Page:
Retailers are often frustrated by millennials’ browsing habits because while they like to shop online, they don't often result in a sale. This behavior is part of an overall "fauxsumerism" trend which describes millennials avoidance of ownership. The trick for retailers is to leverage this browsing as a positive and use some techniques to extract sales from this group while building your brand.
Anyone with at least a decade of experience in B-to-B retail — listen up millennials — will tell you that e-commerce doesn't qualify as a new trend. It was the next big thing back when new episodes of "Seinfeld" regularly aired on NBC, when people used AOL, and even when NSYNC was on tour. So for me to say e-commerce is changing the face of business feels a lot like a Twitter feed riddled with Kim Kardashian's name — a little exhausted.
There's no question that marketing has become infinitely more complex for retailers over the past several years. The number of potential customer touchpoints has exploded, as consumers shift how they spend their time from nondigital (TV, print) to digital channels (web, mobile, social). The upside to this complexity is that retailers have a huge opportunity to engage with customers on a much richer and more personalized basis. The downside is that it's become even more complex for retailers to measure marketing effectiveness.
Force Factor, a sports nutrition brand founded in 2009 by two Harvard University rowers, launched a display advertising campaign in April for its Test X180 Ignite supplement. The campaign has delivered a clickthrough rate (CTR) of 0.86 percent, which is more than eight times above the industry standard. The ad, a 300x250 above-the-fold placement, runs across SportingNews.com, a top 10 U.S. sports site that reaches millions of unique sports fans daily.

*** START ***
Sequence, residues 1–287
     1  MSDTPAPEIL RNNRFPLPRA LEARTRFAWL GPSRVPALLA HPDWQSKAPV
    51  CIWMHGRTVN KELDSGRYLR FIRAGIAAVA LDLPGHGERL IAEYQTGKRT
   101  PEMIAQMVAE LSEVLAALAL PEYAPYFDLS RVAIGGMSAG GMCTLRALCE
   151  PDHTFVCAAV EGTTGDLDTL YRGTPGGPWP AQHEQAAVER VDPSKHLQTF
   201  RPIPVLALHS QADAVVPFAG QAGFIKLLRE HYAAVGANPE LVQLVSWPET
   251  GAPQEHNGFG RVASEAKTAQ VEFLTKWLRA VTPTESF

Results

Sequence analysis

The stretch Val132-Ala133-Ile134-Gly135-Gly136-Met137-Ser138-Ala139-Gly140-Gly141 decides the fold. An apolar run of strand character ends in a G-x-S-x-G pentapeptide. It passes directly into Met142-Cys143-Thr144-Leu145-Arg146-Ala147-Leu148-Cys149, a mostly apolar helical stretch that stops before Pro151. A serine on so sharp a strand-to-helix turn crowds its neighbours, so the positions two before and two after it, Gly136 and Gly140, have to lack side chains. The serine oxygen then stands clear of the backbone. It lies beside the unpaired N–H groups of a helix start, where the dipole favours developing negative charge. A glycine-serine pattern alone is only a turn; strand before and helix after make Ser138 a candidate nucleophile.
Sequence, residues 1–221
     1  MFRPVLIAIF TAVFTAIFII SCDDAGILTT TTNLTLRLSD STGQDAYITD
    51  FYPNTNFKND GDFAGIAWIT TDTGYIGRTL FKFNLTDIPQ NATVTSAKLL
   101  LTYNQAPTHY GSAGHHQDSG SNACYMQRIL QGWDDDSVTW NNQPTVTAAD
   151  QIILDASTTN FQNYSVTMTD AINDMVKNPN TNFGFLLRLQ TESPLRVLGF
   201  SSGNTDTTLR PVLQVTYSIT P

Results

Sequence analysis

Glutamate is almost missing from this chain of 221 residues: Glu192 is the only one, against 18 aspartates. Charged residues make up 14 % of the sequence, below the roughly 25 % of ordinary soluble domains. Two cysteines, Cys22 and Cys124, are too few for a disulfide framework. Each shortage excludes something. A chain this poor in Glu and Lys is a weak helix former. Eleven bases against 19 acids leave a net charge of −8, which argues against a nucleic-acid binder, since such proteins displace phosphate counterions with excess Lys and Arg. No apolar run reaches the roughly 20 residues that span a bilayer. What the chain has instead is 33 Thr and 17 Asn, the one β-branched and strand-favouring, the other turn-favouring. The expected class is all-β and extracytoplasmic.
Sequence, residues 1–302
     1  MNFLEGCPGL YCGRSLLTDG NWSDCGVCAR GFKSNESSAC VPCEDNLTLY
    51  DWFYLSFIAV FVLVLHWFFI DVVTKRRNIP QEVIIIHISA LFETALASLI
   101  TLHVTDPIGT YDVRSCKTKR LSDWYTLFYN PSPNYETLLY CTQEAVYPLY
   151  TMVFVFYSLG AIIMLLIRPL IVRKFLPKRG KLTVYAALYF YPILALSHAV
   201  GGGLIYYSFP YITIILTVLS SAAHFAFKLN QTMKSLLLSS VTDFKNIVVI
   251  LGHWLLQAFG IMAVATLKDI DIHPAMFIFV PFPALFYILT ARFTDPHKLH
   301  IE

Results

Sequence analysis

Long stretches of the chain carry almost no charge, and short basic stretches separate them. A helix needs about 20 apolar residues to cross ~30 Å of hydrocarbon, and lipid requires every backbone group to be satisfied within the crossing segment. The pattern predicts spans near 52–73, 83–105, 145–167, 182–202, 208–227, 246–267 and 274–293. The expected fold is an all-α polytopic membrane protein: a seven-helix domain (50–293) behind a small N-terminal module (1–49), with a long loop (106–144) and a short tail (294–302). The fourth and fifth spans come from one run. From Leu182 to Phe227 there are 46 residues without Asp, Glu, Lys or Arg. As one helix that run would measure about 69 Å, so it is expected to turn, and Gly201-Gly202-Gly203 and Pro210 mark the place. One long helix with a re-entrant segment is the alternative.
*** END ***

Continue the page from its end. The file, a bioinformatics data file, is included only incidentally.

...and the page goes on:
Think back to before you recognized the screech of AOL dial-up connecting the triangle to the key. Back in the damp darkness of the pre-web, when you read about things in glossy magazines and saw them on TV. Then, if you wanted them badly enough, and it wasn't raining outside, you put on your coat and tromped down to Main Street to buy them. Fast-forward to today, where, by the magic of the interwebs, all that reading and watching and shopping can happen in one place online. Efficient, right? Well, no.
The dynamic mobile landscape offers many opportunities, but it will take a smart retailer to cut through the noise, capture consumers’ attention and drive action. Branding through excellent ad experiences, connecting consumers to deals, and targeting critical ad times will enable retailers to place themselves where the consumer is already browsing and keep their brand relevant.
By consistently producing the highest return on investment of any marketing vehicle, it’s easy to see why email is a part of most every marketer’s toolbox. The challenge is getting your email message to stand out among the clutter. That encompasses a number of factors, including first and foremost getting your message delivered. After that, catchy subject lines, relevant content, enticing offers, great creative, among other things will determine whether your message connects with consumers.
In the July/August issue of Retail Online Integration, I discussed how important merchandising, strong navigation, instigated chat and customer reviews will be to achieving online selling success this holiday season. Here are five more things you should consider doing with your e-commerce site before it's too late.